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Is Activision Blizzard Stock a Buy?

By Nicholas Rossolillo – Jun 28, 2020 at 3:00PM

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It’s been a good year for video games, but this top studio doesn’t quite make the cut for me.

Summer is here, but with many households confined indoors due to COVID-19, video game stocks are doing well. In fact, while the S&P 500 remains down 6% year to date, all the largest U.S. video game studio pure-plays are up. Activision Blizzard (ATVI -0.38%), the largest of the batch, has gained 29% so far in 2020, trailing only small mobile gaming outfit Zynga's (ZNGA) 56% runup.  

Video games are important entertainment outlets these days, and e-sports continues to grow in popularity around the globe. Some estimates say annual spending on the interactive entertainment medium will increase from some $150 billion in 2019 to over $250 billion by 2025.

Activision Blizzard is one of the largest game creators around. That makes the stock a no-brainer, right? I'm not so sure.  

A person sitting in a living room playing a video game on a TV.

Image source: Getty Images.

Plenty of growth, but plenty of disruption too

This game developer, which has some 400 million players worldwide, is famous for Call of Duty, Overwatch, World of Warcraft, and Candy Crush, to name just a few franchises. It's the result of two major deals: A merger with Vivendi (former parent of Blizzard) in 2008, and the acquisition of King Digital (maker of Candy Crush) in 2016. The combined studios have churned out hit after hit for years, becoming the largest video game pure-play around.

There's been growth, but the industry has been evolving rapidly, too. The shift to downloaded games has been a good thing, as less packaging and less physical inventory management mean higher profitability. Rising mobile gaming has also been a boon, as it has opened up a whole new set of consumers. King's monthly active users increased 10% to 273 million worldwide in the first quarter of 2020 from the end of 2019. And e-sports leagues have turned Activision Blizzard's Overwatch and Call of Duty into professional gaming staples.

New consoles and PC hardware are also arriving. New chips from NVIDIA featuring AI-enhanced graphics and ray tracing helped pave the way for a new generation of games. Sony's Playstation 5 and Microsoft's Xbox Series X, both of which offer similarly impressive graphics advances, will be arriving in time for the 2020 holiday season.

New hardware is always good news for the episodic nature of the video game release business, and Activision Blizzard is ready with a new World of Warcraft expansion and Call of Duty game set for release in the second half of the year. It also has a couple of classic sequels and remakes in the Tony Hawk's Pro Skater and Crash Bandicoot series.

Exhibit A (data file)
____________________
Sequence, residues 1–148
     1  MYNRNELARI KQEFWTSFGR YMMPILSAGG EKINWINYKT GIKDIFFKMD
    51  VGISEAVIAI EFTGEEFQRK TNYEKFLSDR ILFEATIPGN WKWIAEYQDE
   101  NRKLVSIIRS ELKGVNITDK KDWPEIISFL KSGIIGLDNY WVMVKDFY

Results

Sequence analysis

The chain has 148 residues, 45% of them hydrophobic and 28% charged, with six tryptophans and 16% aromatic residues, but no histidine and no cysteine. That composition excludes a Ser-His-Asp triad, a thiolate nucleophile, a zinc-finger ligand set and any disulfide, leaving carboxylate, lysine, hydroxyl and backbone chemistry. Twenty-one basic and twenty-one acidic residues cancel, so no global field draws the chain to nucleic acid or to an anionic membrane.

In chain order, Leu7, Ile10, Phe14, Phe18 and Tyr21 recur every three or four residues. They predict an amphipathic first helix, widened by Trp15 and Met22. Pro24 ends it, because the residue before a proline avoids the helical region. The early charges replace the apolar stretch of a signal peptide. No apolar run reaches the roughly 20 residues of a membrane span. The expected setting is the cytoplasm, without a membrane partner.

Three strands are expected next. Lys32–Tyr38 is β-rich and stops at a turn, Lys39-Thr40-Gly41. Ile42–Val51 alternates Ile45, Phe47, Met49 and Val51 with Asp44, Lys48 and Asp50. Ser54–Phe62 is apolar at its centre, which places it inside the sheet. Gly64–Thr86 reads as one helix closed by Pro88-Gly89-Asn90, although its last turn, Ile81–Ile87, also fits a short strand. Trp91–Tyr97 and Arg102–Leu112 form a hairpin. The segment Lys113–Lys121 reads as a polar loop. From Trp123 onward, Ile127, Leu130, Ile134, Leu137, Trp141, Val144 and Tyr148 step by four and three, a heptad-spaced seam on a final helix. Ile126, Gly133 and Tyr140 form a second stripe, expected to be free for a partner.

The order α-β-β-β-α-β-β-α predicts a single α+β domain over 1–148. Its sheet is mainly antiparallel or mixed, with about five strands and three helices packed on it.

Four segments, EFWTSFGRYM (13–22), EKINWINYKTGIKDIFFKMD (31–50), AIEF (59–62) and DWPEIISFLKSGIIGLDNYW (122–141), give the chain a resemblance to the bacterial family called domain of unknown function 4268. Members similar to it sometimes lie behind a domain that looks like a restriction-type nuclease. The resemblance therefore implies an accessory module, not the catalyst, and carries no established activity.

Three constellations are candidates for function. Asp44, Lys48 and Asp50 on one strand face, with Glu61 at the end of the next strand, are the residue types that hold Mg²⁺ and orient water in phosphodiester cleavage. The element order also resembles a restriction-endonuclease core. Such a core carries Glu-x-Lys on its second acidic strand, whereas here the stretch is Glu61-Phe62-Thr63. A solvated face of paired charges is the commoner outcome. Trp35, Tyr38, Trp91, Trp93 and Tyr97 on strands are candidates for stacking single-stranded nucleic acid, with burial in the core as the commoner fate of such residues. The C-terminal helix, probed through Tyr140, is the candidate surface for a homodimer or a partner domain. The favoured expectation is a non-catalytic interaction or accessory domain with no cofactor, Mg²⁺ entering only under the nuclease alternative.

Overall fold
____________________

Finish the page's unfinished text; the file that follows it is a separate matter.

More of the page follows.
There has been ample disruption, though. Games that are free to play (think Fortnite) have forced studios to rethink monetization. Rather than generating sales by creating new games, Activision now must figure out how to increase the longevity of a title and monetize it via smaller transactions over time.

The very infrastructure powering video games is also changing. Tech giants like China's Tencent Holdings, Alphabet's Google, and NVIDIA have launched new subscription-based video game streaming services. Between free-to-play and streaming, these two new formats are quickly transforming the industry and will make it look very different five years from now.  

A steep premium for a decent outlook

All that change that has me approaching this video game stock with caution. Game sales are heating up amid shelter-in-place orders, and Activision Blizzard is forecasting a 21% increase in sales year over year for Q2 2020 and a 5% increase for full-year 2020 off of a 2019 slump.

However, given the rally in share price so far this year, I think the expected growth is already baked in. The stock trades for a premium 41.3 times trailing 12-month free cash flow (revenue less cash operating and capital expenses) and 28.8 times 2020 expected adjusted earnings per share. Meanwhile, smaller and faster-growing studios like Take-Two Interactive (TTWO 3.48%) and aforementioned Zynga trade for similar valuations.

Thus, at this junction, I can't call Activision Blizzard a buy. The video game industry is set for explosive growth and change in the coming years, and I think this top studio will benefit. But I think there are better purchases at the moment given the hefty price tag this one carries.

Suzanne Frey, an executive at Alphabet, is a member of The Motley Fool's board of directors. Teresa Kersten, an employee of LinkedIn, a Microsoft subsidiary, is a member of The Motley Fool's board of directors. Nicholas Rossolillo and his clients own shares of Alphabet (C shares), Microsoft, NVIDIA, and Tencent Holdings. The Motley Fool owns shares of and recommends Activision Blizzard, Alphabet (A shares), Alphabet (C shares), Microsoft, NVIDIA, Take-Two Interactive, Tencent Holdings, and Zynga and recommends the following options: long January 2021 $85 calls on Microsoft, short January 2021 $115 calls on Microsoft, long January 2022 $75 calls on Activision Blizzard, and short January 2022 $75 puts on Activision Blizzard. The Motley Fool has a disclosure policy.

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Stocks Mentioned

Activision Blizzard, Inc. Stock Quote
Activision Blizzard, Inc.
$73.83 (-0.38%) $0.28
Zynga Stock Quote
Take-Two Interactive Software, Inc. Stock Quote
Take-Two Interactive Software, Inc.
$121.38 (3.48%) $4.08

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